Starting to apply for jobs both in and outside academia? Preparing for an interview? Not sure how to target your application, what to include and what to leave out. In this session you can learn more about how selection processes work including how to put together a CV and cover letter and how to prepare for job interviews. The workshop will include interactive exercises, a review of successful application materials, and discussions.

Chemistry: CT10 Vibrational Spectroscopy new Thu 12 Dec 2019   10:00 Finished

Spectroscopic methods in biochemistry and biophysics are powerful tools to characterise the chemical properties of samples in chemistry and biology, including molecules, macromolecules, living organisms, polymers and materials. Within the wide class of biophysical methods, infrared spectroscopy (IR) is a sensitive analytical label-free tool able to identify the chemical composition and properties of a sample through its molecular vibrations, which produce a characteristic fingerprint spectrum. An infrared spectrum is commonly obtained by passing infrared radiation through a sample and determining what fraction of the incident radiation is absorbed at a particular energy. The energy at which any peak in an absorption spectrum appears corresponds to the frequency of a vibration of a part of a sample molecule. One of the great advantages of infrared spectroscopy is that virtually any sample in virtually any state may be studied, such as liquids, solutions, pastes, powders, films, fibres, gases and surfaces can all be examined. In this introductory course, the basic ideas and definitions associated with infrared spectroscopy will be described. First, the possible configurations of the spectrometers used to measure IR absorption will be discussed. Then, the vibrations of molecules, inorganic and organic chemical compounds, as well as large biomolecules will be introduced, as these are crucial to the interpretation of infrared spectra in every day experimental life.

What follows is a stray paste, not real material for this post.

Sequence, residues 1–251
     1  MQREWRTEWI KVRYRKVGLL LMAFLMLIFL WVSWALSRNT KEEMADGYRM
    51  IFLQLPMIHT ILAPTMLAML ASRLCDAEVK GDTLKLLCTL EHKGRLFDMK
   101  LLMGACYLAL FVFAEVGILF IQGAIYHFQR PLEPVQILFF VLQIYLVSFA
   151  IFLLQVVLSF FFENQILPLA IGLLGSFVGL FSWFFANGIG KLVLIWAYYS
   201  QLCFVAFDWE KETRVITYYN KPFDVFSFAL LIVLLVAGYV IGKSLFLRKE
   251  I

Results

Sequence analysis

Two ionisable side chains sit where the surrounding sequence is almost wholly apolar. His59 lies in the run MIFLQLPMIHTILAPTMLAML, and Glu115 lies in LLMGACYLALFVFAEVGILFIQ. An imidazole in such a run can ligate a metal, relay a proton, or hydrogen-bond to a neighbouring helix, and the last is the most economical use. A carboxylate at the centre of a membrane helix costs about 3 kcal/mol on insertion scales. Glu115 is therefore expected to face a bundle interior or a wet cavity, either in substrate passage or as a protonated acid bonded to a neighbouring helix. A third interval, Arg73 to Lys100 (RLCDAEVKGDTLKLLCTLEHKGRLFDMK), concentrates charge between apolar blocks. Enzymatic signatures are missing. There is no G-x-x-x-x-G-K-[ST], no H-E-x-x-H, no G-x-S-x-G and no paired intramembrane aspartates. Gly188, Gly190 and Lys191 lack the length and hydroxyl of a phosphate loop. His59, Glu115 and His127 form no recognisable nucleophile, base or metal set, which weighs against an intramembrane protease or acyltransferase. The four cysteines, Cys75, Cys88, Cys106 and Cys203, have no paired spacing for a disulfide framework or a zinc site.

This session is compulsory for all experimentalists to attend and will provide useful information regarding analytical facilities at this Department including NMR, Mass Spectrometry, X-ray Crystallography, Microanalysis and Electron Microscopy. Short descriptions will be given of all available instruments, as well as explain the procedures for preparing/submitting samples for the analysis will also be discussed.

Once you book on to this course, you will receive a link to preregister for this course on Zoom.